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Extremeley rare silver penny sells for £11,160 at Dix Noonan Webb
The coin was discovered in March 2018 by a 68-year-old retired council worker using a Minelab ETrac metal detector

LONDON.- An extremely rare Silver penny of the boy king Edward the Martyr - the teenager who ruled Saxon Britain in the 10th century – that was found on the Isle of Wight sold on Wednesday, April 22, 2020 for £11,160 in an online/ live auction at Dix Noonan Webb, the international coins, medals, banknotes and jewellery specialists in their sale of Coins. It was estimated to fetch £5,000-7,000 and it was bought by an UK Collector via a commission bid after competitive bidding from the internet.

Following the sale, Nigel Mills, Antiquities Expert, Dix Noonan Webb said: “The price realised for the Edward the Martyr penny exceeded our expectations and reflects the quality and rarity of the coin combined with the fact that it is a new discovery and it is first time that it has been offered for sale.”

It was discovered in March 2018 by a 68-year-old retired council worker using a Minelab ETrac metal detector. After metal detecting for 28 years, the detectorist, who wished to remain anonymous, was on a ploughed field with his local detecting club. Frustrated at only finding three .22 lead bullets in one spot, and ready to give up for the day he then got another signal in the same area and dug down 4-5 inches to uncover the Saxon penny.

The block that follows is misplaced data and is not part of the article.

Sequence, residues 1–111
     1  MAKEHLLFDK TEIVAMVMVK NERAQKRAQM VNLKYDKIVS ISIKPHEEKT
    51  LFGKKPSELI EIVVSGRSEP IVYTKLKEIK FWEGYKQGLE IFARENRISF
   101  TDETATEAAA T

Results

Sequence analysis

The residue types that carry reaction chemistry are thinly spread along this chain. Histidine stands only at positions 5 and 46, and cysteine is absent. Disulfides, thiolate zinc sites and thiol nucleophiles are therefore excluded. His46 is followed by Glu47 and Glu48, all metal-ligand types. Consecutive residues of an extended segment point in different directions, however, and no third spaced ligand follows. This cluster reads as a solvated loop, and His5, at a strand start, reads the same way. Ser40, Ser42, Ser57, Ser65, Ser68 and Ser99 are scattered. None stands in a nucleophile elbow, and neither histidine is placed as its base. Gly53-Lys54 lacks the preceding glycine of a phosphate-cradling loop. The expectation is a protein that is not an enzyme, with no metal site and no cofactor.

The coin was in remarkable condition, and has a fine portrait of the boy king wearing a diadem and facing left. Edward only ruled briefly, between the years 975-978 A.D. and was only 13 years old when he was crowned king after the death of his father Eadgar. Edward was assassinated on March 18 at the Saxon hall where Corfe Castle in Dorset, now stands, by supporters of his half brother Aethelred [lot 128].

The auction comprised 692 lots and saw only four unsold. Another notable highlight was an Australian coin - one of the first coins to have been made for circulation in the new colony of New South Wales in 1813. Otherwise known as a Dump, the coin was from the Collection of British Colonial Coins formed by the late John Roberts-Lewis. Valued at Fifteen Pence, and comprised a circular centre segment from the Five Shilling Holey Dollar, it had been estimated to fetch £2,000-£3,000 but after significant interest, it fetched £6,820 and was bought by an Australian Collector [lot 363].

As Peter Preston-Morley, Specialist and Associate Director, Dix Noonan Webb, explained: “The phrase dump is an Australian colloquialism invented in the late 19th century and the piece is from an old collection of British Colonial coins that DNW are offering, the previous owner bought it 58 years ago for £4. There are about 800 pieces known, so it isn’t that rare as such, but of the 800 only about 120 or so are in the sort of condition that this one is. Most were used until they wore out and were melted down for silver in late Victorian times.”

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